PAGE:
The 20th century ended with the fall of the bipolar world, the collapse of the USSR, the last global empire and the world socialist system. After a quarter of a century of reforms some transformations, initiated in the late 1980s have not been completed yet. Most probably the Ukrainian conflict represents the final phase of the post-bipolar reshaping of the world order. Russia and the Visegrad Group countries have been caught in the midst of crisis in Ukraine, thus failing to regulate it and becoming victims of its unpredictable development.

Ukraine regretfully could not be turned from an area of confrontation to a space of cooperation that would reflect the interests of all parties to the conflict.

The causes can be found in the traditional clash of the forces of the Sea (Euro- Atlanticism) and the Land (Russia). In that case, the question is whether the European Neighbourhood Policy (ENP) can be seen as an element of the scenario that provoked a war in the heart of Europe?

Other possible reasons frequently mentioned in the mass media embrace the battle of oligarchies for oil, gas and control over transportation networks and the urge for the democratic transition, which was the key slogan of Maidan.

The latter version, actively promoted today in Ukraine and Europe, can hardly be taken seriously because there were no signs of hatred towards Ukrainian President Viktor Yanukovych until the third Eastern Partnership Summit in Vilnius. On the contrary, in late November 2013, people gathered on Maidan Square to support the President’s determination to sign the Association Agreement with the European Union. If that document had been signed, he would have become the most popular figure in Washington, Brussels and in pro-Western sectors of Ukrainian society.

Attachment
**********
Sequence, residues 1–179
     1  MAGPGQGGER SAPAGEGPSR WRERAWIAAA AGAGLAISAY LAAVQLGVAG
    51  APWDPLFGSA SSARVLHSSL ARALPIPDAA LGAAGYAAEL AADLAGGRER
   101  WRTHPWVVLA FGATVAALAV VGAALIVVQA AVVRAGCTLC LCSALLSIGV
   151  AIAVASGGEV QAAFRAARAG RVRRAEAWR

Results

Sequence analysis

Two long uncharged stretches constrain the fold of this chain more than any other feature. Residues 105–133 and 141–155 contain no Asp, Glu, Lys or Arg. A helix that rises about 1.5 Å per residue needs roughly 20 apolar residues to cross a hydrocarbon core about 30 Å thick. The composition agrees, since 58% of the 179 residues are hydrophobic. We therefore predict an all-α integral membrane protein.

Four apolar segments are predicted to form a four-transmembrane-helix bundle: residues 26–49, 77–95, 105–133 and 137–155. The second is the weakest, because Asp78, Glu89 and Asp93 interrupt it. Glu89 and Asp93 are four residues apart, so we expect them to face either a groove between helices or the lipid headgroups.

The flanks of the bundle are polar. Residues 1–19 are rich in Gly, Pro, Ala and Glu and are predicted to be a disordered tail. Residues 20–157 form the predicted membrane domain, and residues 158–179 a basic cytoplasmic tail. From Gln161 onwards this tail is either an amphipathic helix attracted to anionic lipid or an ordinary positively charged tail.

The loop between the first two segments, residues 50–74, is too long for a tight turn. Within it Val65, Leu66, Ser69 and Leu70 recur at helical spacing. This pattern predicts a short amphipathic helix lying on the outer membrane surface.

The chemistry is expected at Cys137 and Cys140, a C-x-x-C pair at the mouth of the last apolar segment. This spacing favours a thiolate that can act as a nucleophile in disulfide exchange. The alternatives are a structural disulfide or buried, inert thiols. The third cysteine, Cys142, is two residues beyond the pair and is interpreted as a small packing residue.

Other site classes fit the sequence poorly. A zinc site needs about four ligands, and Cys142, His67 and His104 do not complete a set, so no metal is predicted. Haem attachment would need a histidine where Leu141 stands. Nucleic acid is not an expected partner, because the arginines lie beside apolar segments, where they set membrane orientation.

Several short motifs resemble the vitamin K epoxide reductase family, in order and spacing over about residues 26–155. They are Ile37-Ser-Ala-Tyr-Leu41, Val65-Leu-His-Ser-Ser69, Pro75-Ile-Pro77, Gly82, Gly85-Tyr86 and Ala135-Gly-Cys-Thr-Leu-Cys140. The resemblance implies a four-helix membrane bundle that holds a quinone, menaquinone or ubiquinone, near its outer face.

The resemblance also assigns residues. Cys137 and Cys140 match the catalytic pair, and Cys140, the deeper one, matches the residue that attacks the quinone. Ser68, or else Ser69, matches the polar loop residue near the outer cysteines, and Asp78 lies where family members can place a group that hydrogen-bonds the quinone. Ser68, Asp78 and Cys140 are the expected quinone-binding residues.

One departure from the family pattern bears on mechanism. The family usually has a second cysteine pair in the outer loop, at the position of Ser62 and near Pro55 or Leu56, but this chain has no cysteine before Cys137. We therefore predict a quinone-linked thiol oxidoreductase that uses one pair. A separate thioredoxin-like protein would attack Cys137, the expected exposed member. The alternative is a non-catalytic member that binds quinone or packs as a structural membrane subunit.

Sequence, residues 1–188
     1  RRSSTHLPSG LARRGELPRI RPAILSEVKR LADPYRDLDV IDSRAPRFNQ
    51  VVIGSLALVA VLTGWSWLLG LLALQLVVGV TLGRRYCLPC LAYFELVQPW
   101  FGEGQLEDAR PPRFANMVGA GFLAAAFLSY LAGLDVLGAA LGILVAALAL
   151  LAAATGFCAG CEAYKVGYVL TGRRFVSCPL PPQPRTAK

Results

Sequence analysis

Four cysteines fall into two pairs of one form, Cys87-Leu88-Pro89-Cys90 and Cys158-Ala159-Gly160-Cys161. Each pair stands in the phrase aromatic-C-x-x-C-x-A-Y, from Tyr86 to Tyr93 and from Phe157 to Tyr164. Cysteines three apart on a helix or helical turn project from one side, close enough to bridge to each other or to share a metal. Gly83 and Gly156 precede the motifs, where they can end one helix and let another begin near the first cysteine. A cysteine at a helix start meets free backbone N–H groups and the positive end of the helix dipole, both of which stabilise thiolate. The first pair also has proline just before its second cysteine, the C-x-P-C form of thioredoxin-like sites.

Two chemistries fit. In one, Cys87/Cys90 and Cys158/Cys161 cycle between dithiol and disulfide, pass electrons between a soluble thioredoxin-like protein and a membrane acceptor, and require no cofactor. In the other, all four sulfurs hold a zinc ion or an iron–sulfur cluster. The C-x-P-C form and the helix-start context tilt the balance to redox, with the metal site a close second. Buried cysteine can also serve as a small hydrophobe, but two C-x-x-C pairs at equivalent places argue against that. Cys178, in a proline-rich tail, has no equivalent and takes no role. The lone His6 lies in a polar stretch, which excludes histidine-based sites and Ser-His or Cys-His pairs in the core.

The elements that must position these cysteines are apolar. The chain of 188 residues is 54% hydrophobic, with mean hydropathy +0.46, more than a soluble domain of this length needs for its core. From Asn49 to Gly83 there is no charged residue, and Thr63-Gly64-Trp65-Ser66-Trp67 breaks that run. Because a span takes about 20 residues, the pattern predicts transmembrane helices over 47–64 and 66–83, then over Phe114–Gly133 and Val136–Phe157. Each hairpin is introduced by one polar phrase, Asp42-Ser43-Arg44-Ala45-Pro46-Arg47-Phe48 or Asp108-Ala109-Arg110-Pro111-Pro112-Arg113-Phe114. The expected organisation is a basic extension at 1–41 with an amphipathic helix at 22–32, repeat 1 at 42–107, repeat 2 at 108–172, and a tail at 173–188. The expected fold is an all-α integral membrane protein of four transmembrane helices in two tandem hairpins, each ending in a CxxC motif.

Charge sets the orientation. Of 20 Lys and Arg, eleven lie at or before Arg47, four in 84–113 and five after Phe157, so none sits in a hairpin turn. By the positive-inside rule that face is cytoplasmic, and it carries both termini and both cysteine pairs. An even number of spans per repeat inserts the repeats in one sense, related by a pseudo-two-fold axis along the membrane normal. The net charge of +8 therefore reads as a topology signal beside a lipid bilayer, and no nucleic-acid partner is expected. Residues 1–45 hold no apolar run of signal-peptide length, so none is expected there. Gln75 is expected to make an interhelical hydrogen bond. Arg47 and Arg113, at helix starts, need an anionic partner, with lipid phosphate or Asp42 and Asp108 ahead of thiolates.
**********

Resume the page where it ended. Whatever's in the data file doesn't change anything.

We should also pay attention to the regional aspect of geopolitics that puts Ukraine’s immediate neighbours – Russia and the Visegrad Group countries – on the frontline.

The Visegrad Group’s relations with Ukraine became a priority back in 2003, when the European Neighbourhood Policy was adopted, and continued in 2009 with the Eastern Partnership policy.

The Visegrad Group’s development and its commitment to further evolution was bound to boost copperation with neighbouring countries. The Visegrad Group’s relations with Ukraine became a priority back in 2003, when the European Neighbourhood Policy was adopted, and continued in 2009 with the Eastern Partnership policy. The argument for putting the EU “Eastern Policy” within the competence of the Visegrad Group was that it was hard to control all the strands of foreign policy from Brussels. The Group being on the Eastern periphery of the European Union was consequently more interested in the security of its borders – the Eastern borders of the European Union – than other countries. Although there were no official resolutions, it was easy to see that the Visegrad Group played a leading role in the European Neighbourhood Policy and the Eastern Partnership. It